No matter your league’s settings for starting pitchers, you’re forced to make decisions about whether to start or bench pitchers each time their turn in the rotation comes up. If you’re in a league with an innings or games started cap, you have to try to maximize the limited opportunities you have to start a pitcher. If you play in a league with no such limitations, the natural friction between the counting categories and the ratio categories forces you to make similar decisions. Sure, you can start Jake Odorizzi and take advantage of the tenth best strikeout rate among qualified starters. But his 4.23 ERA and 1.31 WHIP count, too.
The number one factor I consider when making such a decision is who the pitcher is facing that day. The strength of the other team’s offense against pitchers of my starter’s handedness usually determines whether I start or bench a pitcher I’m on the fence about. Matchup is probably the biggest factor for most fantasy owners when it’s not a must-start pitcher. I asked Twitter where the cutoff is for must-start guys. I got answers ranging from only Felix and Kershaw all the way to the top 25-30 starters.
Top 30 was sort of the number I had in my head. I recently wrote a fantasy football piece in which I examined how matchups affected fantasy production for the top 25 wide receivers last year. I just tested the correlation between a player’s weekly production and the strength of the opposing defense measured by pass defense DVOA from Football Outsiders. Some interesting results came from that exercise, but one thing that wasn’t a surprise was the lack of correlation between production and matchup for the top receivers. To amass enough points to finish the season among the best, a receiver has to accumulate points each week regardless of the opponent. Likewise, I thought the top starting pitchers would be matchup proof with the correlation growing stronger as we moved away from the elite guys.
Turns out that’s not the case. Well, the second part isn’t. The top pitchers didn’t have much of a correlation at all as expected, but neither did many of the pitchers on down the list. I was so expecting my hypothesis to be correct that I’m questioning whether the methodology for testing this was correct. What I did was take each pitcher’s individual game scores and compared them to how far above or below league average the opponent was against pitchers of the same handedness. For example, here’s a graph showing the relationship between John Lackey’s game scores and the strength of his opponents.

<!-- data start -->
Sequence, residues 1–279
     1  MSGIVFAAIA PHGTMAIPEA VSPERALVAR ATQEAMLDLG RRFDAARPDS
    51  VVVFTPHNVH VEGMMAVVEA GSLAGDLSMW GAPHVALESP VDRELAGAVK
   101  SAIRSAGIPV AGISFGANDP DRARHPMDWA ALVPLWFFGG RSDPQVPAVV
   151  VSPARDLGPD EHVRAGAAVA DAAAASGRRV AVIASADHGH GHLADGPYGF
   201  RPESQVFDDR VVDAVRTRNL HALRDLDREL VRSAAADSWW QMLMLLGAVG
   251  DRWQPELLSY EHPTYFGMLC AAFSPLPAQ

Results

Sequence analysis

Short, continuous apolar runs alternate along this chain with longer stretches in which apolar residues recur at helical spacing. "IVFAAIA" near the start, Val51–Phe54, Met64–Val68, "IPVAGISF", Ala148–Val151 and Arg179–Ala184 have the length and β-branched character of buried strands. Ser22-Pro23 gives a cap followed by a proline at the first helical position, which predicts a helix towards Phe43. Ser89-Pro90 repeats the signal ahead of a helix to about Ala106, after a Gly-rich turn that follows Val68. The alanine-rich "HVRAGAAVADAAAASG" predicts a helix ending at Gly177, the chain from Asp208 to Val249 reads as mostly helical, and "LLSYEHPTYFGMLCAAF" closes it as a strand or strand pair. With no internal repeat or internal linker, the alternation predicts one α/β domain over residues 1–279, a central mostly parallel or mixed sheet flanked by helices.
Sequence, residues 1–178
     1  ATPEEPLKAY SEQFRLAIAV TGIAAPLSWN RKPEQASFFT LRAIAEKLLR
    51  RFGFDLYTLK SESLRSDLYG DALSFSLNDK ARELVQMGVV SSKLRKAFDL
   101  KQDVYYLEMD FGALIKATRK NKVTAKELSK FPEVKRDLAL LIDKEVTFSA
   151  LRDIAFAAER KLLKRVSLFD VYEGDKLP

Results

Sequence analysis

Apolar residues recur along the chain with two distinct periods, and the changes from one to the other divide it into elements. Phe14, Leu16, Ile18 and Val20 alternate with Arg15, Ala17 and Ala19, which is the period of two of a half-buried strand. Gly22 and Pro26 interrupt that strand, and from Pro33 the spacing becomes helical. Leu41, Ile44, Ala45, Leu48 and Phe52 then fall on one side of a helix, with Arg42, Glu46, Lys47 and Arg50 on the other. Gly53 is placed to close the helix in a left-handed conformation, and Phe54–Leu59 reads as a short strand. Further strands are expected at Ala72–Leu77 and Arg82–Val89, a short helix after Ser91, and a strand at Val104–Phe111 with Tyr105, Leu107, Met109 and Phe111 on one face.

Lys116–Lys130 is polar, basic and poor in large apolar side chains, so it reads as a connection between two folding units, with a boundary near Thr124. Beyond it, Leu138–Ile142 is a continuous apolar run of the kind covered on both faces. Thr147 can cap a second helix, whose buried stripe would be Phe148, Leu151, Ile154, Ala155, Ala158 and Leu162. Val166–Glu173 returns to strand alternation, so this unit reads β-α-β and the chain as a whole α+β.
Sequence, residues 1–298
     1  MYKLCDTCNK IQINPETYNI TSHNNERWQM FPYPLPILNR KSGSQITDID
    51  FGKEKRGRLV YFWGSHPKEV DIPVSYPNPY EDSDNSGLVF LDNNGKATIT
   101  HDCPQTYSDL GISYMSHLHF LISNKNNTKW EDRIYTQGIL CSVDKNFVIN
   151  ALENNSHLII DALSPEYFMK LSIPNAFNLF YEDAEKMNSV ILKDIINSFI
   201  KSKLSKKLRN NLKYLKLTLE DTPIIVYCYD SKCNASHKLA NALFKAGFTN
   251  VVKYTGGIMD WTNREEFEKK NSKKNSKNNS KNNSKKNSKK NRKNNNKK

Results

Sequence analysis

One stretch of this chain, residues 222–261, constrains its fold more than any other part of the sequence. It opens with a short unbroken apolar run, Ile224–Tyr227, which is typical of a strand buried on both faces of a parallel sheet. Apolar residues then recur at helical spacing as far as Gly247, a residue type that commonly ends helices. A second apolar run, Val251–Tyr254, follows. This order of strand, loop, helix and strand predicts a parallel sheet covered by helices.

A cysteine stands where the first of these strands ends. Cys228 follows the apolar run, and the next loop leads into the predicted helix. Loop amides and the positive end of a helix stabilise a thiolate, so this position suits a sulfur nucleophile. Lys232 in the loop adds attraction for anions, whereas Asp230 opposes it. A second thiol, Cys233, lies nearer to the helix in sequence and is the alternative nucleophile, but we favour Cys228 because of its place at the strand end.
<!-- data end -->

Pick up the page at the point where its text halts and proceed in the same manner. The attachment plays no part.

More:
Lackey is an interesting example for two reasons. The first reason is anecdotal. I own Lackey in my big money league, and I’ve had him active for 135 of his 169.1 innings. In those 135 innings he’s had a 4.33 ERA and 1.33 WHIP. For the year he has a 3.77 ERA and 1.25 WHIP. I can assure you decisions to start or sit him were based purely on matchup. That clearly hasn’t worked out for me.
But that’s just one guy, right? Well, no. That brings me to the second reason. I tested the correlation between matchup and production for the top 50 starters on ESPN’s player rater. Again, I was expecting the relationship between the two to get stronger after the top 30 or so starters. But Lackey ranks 47th on the player rater. And as you can see below, Lackey is far from an outlier among pitchers outside the top 30.
According to that, my hypothesis could not have been more wrong. I guess I could have gone past the top 50 to see if the relationship strengthened at some point, but given that both the Twitter responses and my own practices considered top 30 to be about the cutoff for must-start pitchers, I didn’t think I needed to go further to prove that matchup may not be as decisive as I thought it was. That, and I doubt the relationship would have gotten any stronger.
Again, because it seems so intuitive that lesser pitchers will perform better against lesser opponents and vice-versa, I’m questioning my methodology. Is game score the right measure of production? I guess I could have used game-by-game point totals from a daily fantasy scoring system, but given that game score is just a points system that rewards pitchers similar to a daily scoring system, I doubt that would have changed the results all that much. Or maybe there is something else I’m completely overlooking.
But assuming I haven’t missed something here, matchup may not be as important as I/we think it is. Maybe it’s a better practice to just ask ourselves if the pitcher is any good. The definition of good is a movable target based on replacement level in your league, but that may be the only question you need to ask. In my big money league there is no innings or start cap. The 12 teams in the league carry about 10-11 starters on average. Fear of getting destroyed in the ratio categories is the only reason to leave a guy on the bench becuase the races for strikeouts and wins are so fierce. So in a league with with about 130 starting pitchers owned, why am I ever sitting Lackey, even if he’s facing the best offense in the league? He’s so far above replacement level that matchup should go right out the window.